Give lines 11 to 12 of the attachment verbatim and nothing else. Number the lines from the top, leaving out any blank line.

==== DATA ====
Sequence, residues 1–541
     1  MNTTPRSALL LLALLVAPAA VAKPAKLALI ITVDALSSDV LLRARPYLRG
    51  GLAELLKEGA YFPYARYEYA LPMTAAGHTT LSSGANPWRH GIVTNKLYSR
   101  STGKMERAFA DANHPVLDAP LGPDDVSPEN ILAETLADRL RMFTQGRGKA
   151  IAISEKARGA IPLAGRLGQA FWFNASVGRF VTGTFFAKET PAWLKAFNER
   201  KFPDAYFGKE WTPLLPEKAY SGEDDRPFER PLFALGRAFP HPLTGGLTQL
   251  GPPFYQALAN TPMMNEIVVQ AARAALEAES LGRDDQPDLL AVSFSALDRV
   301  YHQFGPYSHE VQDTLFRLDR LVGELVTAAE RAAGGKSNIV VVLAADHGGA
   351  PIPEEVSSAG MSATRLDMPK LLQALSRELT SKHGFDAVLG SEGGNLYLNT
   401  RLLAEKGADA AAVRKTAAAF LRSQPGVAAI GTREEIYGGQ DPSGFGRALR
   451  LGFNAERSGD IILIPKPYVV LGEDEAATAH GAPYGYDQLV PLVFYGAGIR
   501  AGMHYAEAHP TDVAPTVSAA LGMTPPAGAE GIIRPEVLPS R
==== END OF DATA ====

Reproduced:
   451  LGFNAERSGD IILIPKPYVV LGEDEAATAH GAPYGYDQLV PLVFYGAGIR
   501  AGMHYAEAHP TDVAPTVSAA LGMTPPAGAE GIIRPEVLPS R